W3C home > Mailing lists > Public > public-hydra@w3.org > July 2014

Re: Comments on the Triple Patterns Fragments draft

From: Ruben Verborgh <ruben.verborgh@ugent.be>
Date: Tue, 22 Jul 2014 22:18:39 +0200
Cc: "public-hydra@w3.org" <public-hydra@w3.org>
Message-Id: <F5D5A900-CB8C-45E2-94E0-E9C3A5774C39@ugent.be>
To: Kjetil Kjernsmo <kjetil@kjernsmo.net>
Hi Kjetil,

> Yeah, I agree, cumbersome... Perhaps just ask the httpbis group?

Asked:
http://lists.w3.org/Archives/Public/ietf-http-wg/2014JulSep/1418.html
And answered by Roy Fielding:
http://lists.w3.org/Archives/Public/ietf-http-wg/2014JulSep/1419.html

Will refer to RFC7230.

> So, actually, what I had in mind is that you could implement a triple store 
> on top of TPFs... Just point it at a URI, and the store API 
> (RDF::Trine::Store, Jena, Sesame SAIL, etc) could figure out if it could use 
> it and then configure itself.

Here's more or less that idea implemented in Jena:
https://github.com/LinkedDataFragments/Client.Java

> it could be interesting to use a non-HTTP protocol and use 
> Andy Seaborne's RDF Binary using Trift:
> https://github.com/afs/rdf-thrift/blob/master/rdf-binary-thrift.md
> (lighter in weight than HDT)…

"lighter" also as in "faster"? Will need to check that!

>> The other option is "Vary: Access-Control-Allow-Origin" I presume.
> 
> Actually, I have experience with this, what does it do?

It tells the client and intermediaries that a cached response
may only be used if the value for the given headers in the new request
is the same as their value in the request of the cached response.

Example: given a client on domain D1, a client on domain D2, a server S.

If D1 requests a fragment from S, and it does not use *, the header will be:
    Access-Control-Allow-Origin: D1
This fragment will subsequently be cached by the browser (or some proxy server).
If D2 then requests the fragment, it will be retrieved from the cache with:
    Access-Control-Allow-Origin: D1
And now it breaks, because D1 ≠ D2.

However, if the headers are
    Access-Control-Allow-Origin: D1
    Vary: Access-Control-Allow-Origin
Then D2 will have to request a new fragment,
since the Access-Control-Allow-Origin is different from the cached one,
and "Vary" instructs us that it may only be reused
for identical values of "Access-Control-Allow-Origin".

With "Access-Control-Allow-Origin: *", none of this is necessary
and caching is more efficient.

>> Aren't there better ways to deal with authentication?
> 
> My general impression is that it is "strong ways, ways that users will 
> actually use, ways that developers will actually use, choose any two" ;-)

I've never seen authentication with Access-Control-Allow-Origin,
so I will just assume that this is the hard way then ;-)

>> But why make this a special case?
> 
> Because I'm not quite sure how I would do it… :-)

Paging, man… :-)
See also Olaf's response.

> A 400 to say that "it is 
> an error to try to download all my data this way" with Location header, is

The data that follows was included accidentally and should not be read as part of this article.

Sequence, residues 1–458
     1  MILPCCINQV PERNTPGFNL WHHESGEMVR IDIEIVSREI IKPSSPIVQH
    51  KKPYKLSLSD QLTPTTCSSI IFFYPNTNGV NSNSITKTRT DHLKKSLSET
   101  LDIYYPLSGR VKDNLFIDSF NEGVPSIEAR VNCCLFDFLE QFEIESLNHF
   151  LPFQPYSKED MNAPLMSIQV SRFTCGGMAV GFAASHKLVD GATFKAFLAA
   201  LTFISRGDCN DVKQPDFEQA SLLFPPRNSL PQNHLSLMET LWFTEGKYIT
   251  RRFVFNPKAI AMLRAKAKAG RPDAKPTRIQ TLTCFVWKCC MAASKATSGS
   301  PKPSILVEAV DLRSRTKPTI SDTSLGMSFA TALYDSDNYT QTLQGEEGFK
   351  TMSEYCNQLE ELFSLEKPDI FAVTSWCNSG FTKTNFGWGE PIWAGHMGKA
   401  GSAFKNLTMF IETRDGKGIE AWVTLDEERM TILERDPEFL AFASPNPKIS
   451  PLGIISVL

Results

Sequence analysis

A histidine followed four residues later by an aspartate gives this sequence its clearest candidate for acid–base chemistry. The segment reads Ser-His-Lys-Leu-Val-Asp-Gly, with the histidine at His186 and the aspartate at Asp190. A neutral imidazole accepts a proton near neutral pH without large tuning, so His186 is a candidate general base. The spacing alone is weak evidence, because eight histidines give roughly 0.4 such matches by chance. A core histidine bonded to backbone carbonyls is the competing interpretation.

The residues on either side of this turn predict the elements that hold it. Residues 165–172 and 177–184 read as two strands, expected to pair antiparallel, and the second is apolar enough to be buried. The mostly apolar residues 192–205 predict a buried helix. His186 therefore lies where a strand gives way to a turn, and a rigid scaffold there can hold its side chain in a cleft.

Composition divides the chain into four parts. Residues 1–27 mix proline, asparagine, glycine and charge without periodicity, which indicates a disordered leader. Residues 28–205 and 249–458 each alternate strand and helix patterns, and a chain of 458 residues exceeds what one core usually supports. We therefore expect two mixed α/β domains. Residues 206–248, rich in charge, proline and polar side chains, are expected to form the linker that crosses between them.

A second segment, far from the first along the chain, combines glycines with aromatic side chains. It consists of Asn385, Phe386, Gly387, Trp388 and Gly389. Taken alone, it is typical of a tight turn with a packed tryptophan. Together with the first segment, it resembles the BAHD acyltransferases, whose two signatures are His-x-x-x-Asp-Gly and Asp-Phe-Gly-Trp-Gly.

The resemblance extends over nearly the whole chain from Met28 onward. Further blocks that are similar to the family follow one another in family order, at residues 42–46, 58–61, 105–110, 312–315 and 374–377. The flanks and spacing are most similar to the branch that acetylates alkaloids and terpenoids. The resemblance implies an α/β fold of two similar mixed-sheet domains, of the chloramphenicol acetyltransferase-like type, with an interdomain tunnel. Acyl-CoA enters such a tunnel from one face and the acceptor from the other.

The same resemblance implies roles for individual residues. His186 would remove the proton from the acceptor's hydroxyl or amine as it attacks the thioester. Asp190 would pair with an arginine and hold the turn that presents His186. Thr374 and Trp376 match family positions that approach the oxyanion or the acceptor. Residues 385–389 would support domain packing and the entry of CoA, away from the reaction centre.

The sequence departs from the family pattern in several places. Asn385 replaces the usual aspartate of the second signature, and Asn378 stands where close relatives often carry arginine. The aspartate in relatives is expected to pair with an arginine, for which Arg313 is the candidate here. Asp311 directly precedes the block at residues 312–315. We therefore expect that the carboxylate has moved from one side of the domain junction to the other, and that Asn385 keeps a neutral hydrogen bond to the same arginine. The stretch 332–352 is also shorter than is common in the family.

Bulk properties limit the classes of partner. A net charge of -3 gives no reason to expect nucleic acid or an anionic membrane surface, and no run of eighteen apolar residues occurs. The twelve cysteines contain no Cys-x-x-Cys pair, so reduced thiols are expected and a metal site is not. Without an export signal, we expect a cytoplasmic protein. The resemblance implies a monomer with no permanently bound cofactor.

> that even allowed?

No mention of 4x codes for Location in RC2616:
http://tools.ietf.org/html/rfc2616#section-14.30
It probably will not be respected.

> Or a 301 perhaps to say that they shouldn't use that URI 
> again but not interrupt their flow, or perhaps a 303 since the data dump may 
> not have control information like the fragment, or…?

Just put the metadata/controls in the fragment?

Or a nice trick:
create an empty fragment with only metadata and controls,
and add a "next page" link, which points to the dump.
Not 100% correct (the next page wouldn't have metadata/controls)
but it would work.

> Besides what do you mean 
> by "first 100 triples", there is generally no concept of order in my RDF 
> (which is a reason I don't quite like the paging concept either, but I have 
> no better suggestion).

The current spec says you're free to define your own order,
as long as it is consistent.

> some will have implemented their Linked Data as something that returns 
> { Request-URI ?p ?o . } so in this case, it would be natural that this 
> fragment is just a redirect to Request-URI.

That would actually be perfectly fine, clients would support it.
Things like this are a main reason for me to use hypermedia,
i.e., the client makes no assumptions whatsoever
about the server's URI structure.

The limitation here is probably the expressivity of the hypermedia control,
i.e., you would not a control that says "if only ?s, then just dereference".
Not impossible, but just not supported by Hydra at the moment.
Note that you are free to redirect from
    http://example.org/dataset?s=http%3A%2F%2Fexample.org%2Fentities%2FJohn
to
    http://example.org/entities/John
and everything will work as expected.
However, this is only possible if the fragments server
also controls the domain on which the entities are placed;
i.e., this won't work is foaf:Person or rdf:type would be subjects.

Best,

Ruben
Received on Tuesday, 22 July 2014 20:19:10 UTC

This archive was generated by hypermail 2.3.1 : Tuesday, 6 January 2015 20:29:42 UTC